MARCH 26, 2008
In the last years of his life, William F. Buckley Jr., who died on February 27 at the age of 82, broke with many of his fellow conservatives by pronouncing the Iraq war a failure and calling for an end to the embargo on Cuba. He even expressed doubt as to whether George W. Bush is really a conservative—and he asked the same about neoconservatives. To Buckley's liberal admirers, these sentiments suggested that the godfather of the Right had, like Barry Goldwater, crept toward the center in his old age. But, in truth, something quite different had happened.
Buckley's success as a movement-builder and founder and editor of National Review required him to accommodate many different kinds of conservatives—from libertarians like Frank Chodorov to traditionalists like Russell Kirk to militant anti-communists like James Burnham—but his own views were, to use a Buckleyism, sui generis. They were not a product of reading Friedrich von Hayek or Leo Strauss, but rather of growing up under the tutelage of his eccentric and domineering father, William Frank (Will) Buckley. Will was, at heart, a counter-revolutionary, battling the forces of atheistic communism, and young Bill's conservatism came from following in his footsteps. He, too, could best be understood as a counter-revolutionary. And, when the revolution came to an end, so too did Buckley's peculiar brand of conservatism.
WILL BUCKLEY WAS A second-generation Irish Catholic who was born in 1881 and raised in San Diego, Texas, a small border town populated primarily by Mexicans. Will's mother, a devout Catholic, put his education in the hands of the local Basque-born priest. After he earned a law degree from the University of Texas, Will moved across the border to make his fortune as an oilman. He initially stayed out of Mexican politics, taking no position when Victoriano Huerta overthrew and murdered the country's democratically elected president in 1913. But, when rebel generals and peasant leaders Pancho Villa and Emiliano Zapata took the field against Huerta, threatening to expropriate foreign oil holdings and exact revenge on Mexico's pro-Huerta Catholic hierarchy, Buckley became alarmed. In 1914, when Woodrow Wilson sent Marines to oust Huerta and restore Mexico's fledgling democracy, Buckley sided with Huerta. And, when the rebels ousted Huerta, Buckley funded coups against the new government, aided fleeing priests, and lobbied Washington to intervene against the revolutionaries. In 1921, when one of his agents was caught smuggling guns into Mexico to aid anti- government forces, Buckley was kicked out of the country and his properties were confiscated. Will took his family back to the United States, where he bought an estate in Sharon, Connecticut, and began rebuilding his oil business. Always elegantly attired and squinting through pince-nez, Will Buckley was a reserved parent who was feared as well as loved by his ten children. He was often away on business—he would eventually strike oil again in Venezuela—but, when he was at home, he took a special interest in their education. The Buckley children were home-schooled when they were young and taught by governesses to speak Spanish and French fluently. Will Buckley would recommend books to them in notes he sent home, and he would convey his political views via dinnertime inquisitions.
Will Buckley's experience in Mexico had indelibly shaped his worldview. He saw the Mexican revolutionaries as part of worldwide Bolshevism, and he equated that Bolshevism with anti-Catholicism and opposition to Christianity more broadly. In other words, he saw himself as an opponent of a worldwide movement against capitalism and Christianity.
Outside the United States and Great Britain, he generally preferred the stability of authoritarian rule to democracy, and he thought Wilson's crusade to make the world safe for democracy was deluded. During the Spanish Civil War, he enthusiastically backed authoritarian Catholic Francisco Franco. In the late '30s, he was a fervent isolationist and supporter of America First. Buckley not only opposed entangling America in another European war, but he also wanted the United States to stand aside and allow Hitler to defeat the Soviet Union, which, according to a visitor to the Buckley home, he saw as "an infinitely greater threat than Nazi Germany."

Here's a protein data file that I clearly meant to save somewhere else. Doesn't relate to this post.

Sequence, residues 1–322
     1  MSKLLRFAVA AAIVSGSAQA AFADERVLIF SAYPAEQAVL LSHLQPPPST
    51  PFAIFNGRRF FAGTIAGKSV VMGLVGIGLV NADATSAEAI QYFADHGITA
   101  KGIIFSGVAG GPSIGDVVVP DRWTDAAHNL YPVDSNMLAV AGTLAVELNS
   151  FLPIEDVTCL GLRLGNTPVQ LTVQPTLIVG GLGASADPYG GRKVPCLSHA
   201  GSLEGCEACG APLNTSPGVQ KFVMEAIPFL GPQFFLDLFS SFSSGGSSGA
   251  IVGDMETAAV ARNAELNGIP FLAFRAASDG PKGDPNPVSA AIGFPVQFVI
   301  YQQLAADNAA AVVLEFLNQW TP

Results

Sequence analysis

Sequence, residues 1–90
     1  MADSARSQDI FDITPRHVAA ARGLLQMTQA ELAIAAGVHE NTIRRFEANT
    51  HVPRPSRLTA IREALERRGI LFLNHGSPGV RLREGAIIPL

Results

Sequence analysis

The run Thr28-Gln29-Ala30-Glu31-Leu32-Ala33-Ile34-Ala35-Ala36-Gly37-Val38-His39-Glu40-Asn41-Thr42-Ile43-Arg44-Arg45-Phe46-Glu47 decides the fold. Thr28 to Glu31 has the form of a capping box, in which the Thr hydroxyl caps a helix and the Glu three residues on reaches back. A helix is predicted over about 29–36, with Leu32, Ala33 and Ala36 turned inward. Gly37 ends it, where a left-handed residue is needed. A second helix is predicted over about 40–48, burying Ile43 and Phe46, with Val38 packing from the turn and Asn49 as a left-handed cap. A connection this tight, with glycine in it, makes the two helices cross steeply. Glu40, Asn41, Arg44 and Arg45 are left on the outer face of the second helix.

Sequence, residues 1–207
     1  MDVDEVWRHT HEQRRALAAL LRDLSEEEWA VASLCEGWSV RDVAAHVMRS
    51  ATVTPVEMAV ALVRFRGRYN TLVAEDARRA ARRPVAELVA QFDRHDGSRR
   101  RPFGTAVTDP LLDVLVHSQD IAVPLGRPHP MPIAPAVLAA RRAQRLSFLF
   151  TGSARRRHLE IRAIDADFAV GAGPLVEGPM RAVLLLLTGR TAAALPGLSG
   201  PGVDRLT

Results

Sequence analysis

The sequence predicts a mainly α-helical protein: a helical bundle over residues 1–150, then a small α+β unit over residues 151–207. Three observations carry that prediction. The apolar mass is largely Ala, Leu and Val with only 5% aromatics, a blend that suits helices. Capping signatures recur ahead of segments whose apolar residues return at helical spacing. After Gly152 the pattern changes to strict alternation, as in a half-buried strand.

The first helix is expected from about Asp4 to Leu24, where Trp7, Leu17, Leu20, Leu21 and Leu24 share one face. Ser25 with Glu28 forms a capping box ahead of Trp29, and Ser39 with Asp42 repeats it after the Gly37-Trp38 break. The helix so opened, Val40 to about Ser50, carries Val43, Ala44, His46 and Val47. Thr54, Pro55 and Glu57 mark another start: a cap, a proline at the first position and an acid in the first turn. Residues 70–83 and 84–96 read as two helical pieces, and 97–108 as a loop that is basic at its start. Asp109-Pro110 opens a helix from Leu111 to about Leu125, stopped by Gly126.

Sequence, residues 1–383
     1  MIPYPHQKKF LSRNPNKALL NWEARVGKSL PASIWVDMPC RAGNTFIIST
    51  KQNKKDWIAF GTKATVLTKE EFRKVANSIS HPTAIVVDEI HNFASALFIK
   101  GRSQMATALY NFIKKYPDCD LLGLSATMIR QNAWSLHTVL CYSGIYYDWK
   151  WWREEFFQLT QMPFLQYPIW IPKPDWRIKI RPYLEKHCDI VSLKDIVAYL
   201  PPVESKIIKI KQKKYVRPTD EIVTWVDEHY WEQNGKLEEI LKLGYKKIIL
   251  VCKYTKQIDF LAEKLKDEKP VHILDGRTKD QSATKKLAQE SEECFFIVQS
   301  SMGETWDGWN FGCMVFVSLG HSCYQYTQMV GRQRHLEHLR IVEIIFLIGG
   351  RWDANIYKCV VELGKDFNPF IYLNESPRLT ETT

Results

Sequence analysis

Will Buckley's views resembled those of European or Latin American Catholic conservatives. But he was also a Texan and a successful buccaneer capitalist who disdained government regulation and celebrated individualism. A favorite American writer was Albert Jay Nock, the author of Our Enemy the State and Memoirs of a Superfluous Man, whom he periodically invited to his Sharon estate. Although Nock was a libertine and a foe of organized religion, Buckley treasured him for his views of government and the individual. The highbrow Nock saw the state as a creature of the "mass-man" and himself and people like Will Buckley as members of a small and select "remnant" (a term from the Book of Isaiah) who possessed "the force of intellect to apprehend the principles issuing in what we know as the human life." Nock affirmed, and vindicated, Buckley's sense of himself as an outsider—a Texas Catholic in Yankee Protestant Sharon, a proponent of free markets during the New Deal '30s—and a rebel. When the Buckley children grew up, they retained their father's view of a global contest between Christian individualism and atheistic communism and of themselves as members of a Nockian counter-revolutionary remnant. That would be particularly true of Bill.
WILL BUCKLEY DIDN'T RAISE HIS children to be oilmen. Instead, he conveyed to them the higher value he placed upon spiritual, moral, and intellectual pursuits. Bill, the sixth of the ten children, showed from a very early age that he was determined to be exactly the child his father wanted. When Bill was born, he was named William Francis Buckley Jr., because there was no saint named Frank. But, when he was five, he announced that he would henceforward be called "William Frank Buckley Jr." exactly like his father. In 1938, his father sent the younger children, including Bill, to English boarding schools so that, he told them, they could learn to speak more clearly. Alone among the Buckley children, Bill returned to Sharon a year later with an English accent. Bill also adopted many of his father's mannerisms, including his hauteur, leading his oldest sister to dub him "the young mahster."
And, of course, Bill took on his father's political views. He and the other Buckley children published their own local newspaper, The Spectator, in which they championed America First in Anglophile, pro-intervention Sharon. He called his small sailboat "Sweet Isolation." When Bill was 17 and a senior at the Millbrook School, he read Memoirs of a Superfluous Man and declared it his favorite book. Like Nock and his father, he became a right-wing anti-statist who blamed modern liberalism for inducing an artificial and ruinous equality. And, like them, he began to think of himself as an outsider and as a member of the remnant.